Alleged Con Man Now Faces Money Laundering Charges
Romanian man conducted international scheme from Woburn hotel, says federal agent.
A Romanian man arrested May 30 in Lexington, is now facing federal money laundering charges after an investigation by the United States Immigration and Customs Enforcement (ICE) agency.
Catalin Buzea, 31, whose last known address is 300 Presidential Way (Marriot Residence Inn) in Woburn, will be criminally charged with conspiracy to commit money laundering after allegedly knowingly engaging in financial transactions that affected "interstate commerce and foreign commerce." According to ICE Special Agent Timothy Costello, those transactions included wire fraud, mail fraud and passport fraud.
Agent Costello filed a criminal complaint against Buzea on April 26, which was accepted by United States Chief Magistrate Judge Leo Sorokin.
According to Agent Costello's affadavit, Buzea allegedly used a fake name and fake Czech Republic passport to open a bank account in Melrose. In February, two wire transfers were put through to the bank account from North Carolina and Tennessee.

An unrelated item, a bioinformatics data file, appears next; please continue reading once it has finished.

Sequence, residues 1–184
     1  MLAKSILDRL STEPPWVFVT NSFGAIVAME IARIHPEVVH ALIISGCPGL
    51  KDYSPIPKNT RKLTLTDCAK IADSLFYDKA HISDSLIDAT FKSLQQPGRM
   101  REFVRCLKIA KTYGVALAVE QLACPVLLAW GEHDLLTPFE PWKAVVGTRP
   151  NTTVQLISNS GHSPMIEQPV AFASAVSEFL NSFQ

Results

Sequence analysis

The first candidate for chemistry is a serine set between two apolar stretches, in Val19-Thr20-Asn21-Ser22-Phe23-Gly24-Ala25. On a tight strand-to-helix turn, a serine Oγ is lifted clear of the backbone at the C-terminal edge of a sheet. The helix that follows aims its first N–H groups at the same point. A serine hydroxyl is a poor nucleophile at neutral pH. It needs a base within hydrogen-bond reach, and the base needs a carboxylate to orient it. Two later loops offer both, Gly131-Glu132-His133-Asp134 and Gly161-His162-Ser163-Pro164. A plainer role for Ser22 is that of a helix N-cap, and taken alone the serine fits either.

"Both [victims] filed police reports with their local police departments and gave a statement that they wired money for the purpose of purchasing a vehicle that had been advertised over the Internet, but neither had received the vehicle," said Agent Costello.
Several withdrawals were made from the account in Revere, Arlington, Brookline, Cambridge, Brighton, Newton, Hingham and Canton.
According to federal authorities, video surveillance identifies Buzea as the man who opened the account in Melrose and withdrew money at the ATMs listed.
In March, Lexington Police responded to a Citizens Bank on Massachusetts Avenue in the town center, following a report from a bank employee indicating a person wanted for numerous bank-related frauds was at a customer service desk. Buzea was taken into custody by Lexington Police officers.
At the time of his arrest, Buzea had a fake Greek passport in his possession, as well as a Greek driver's license and two cell phones.
According to Agent Costello, Buzea admitted to authorities his real name and implicated another Romanian man in the fraud scheme.
In Buzea's hotel room, which he shared with the other Romanian man, authorities reported they found several fraudulent identification cards, including a Slovak Republic passport, a U.S. Visa and a Portuguese ID.